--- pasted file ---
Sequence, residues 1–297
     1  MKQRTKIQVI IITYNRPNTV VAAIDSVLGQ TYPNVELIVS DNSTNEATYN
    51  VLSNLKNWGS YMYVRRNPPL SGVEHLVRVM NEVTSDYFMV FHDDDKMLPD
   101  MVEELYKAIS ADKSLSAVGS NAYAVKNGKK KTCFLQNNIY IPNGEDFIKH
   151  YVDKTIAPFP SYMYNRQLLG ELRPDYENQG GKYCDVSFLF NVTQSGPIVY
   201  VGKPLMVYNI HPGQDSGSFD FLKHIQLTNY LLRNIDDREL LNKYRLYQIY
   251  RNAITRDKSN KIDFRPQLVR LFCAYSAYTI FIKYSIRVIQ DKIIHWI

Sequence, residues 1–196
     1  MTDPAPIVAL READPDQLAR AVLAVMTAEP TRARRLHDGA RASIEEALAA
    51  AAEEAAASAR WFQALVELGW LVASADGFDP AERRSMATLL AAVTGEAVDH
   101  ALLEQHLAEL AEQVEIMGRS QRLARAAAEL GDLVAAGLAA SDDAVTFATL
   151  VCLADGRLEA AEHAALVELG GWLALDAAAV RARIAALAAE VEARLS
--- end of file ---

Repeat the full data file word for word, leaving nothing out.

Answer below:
Sequence, residues 1–297
     1  MKQRTKIQVI IITYNRPNTV VAAIDSVLGQ TYPNVELIVS DNSTNEATYN
    51  VLSNLKNWGS YMYVRRNPPL SGVEHLVRVM NEVTSDYFMV FHDDDKMLPD
   101  MVEELYKAIS ADKSLSAVGS NAYAVKNGKK KTCFLQNNIY IPNGEDFIKH
   151  YVDKTIAPFP SYMYNRQLLG ELRPDYENQG GKYCDVSFLF NVTQSGPIVY
   201  VGKPLMVYNI HPGQDSGSFD FLKHIQLTNY LLRNIDDREL LNKYRLYQIY
   251  RNAITRDKSN KIDFRPQLVR LFCAYSAYTI FIKYSIRVIQ DKIIHWI

Sequence, residues 1–196
     1  MTDPAPIVAL READPDQLAR AVLAVMTAEP TRARRLHDGA RASIEEALAA
    51  AAEEAAASAR WFQALVELGW LVASADGFDP AERRSMATLL AAVTGEAVDH
   101  ALLEQHLAEL AEQVEIMGRS QRLARAAAEL GDLVAAGLAA SDDAVTFATL
   151  VCLADGRLEA AEHAALVELG GWLALDAAAV RARIAALAAE VEARLS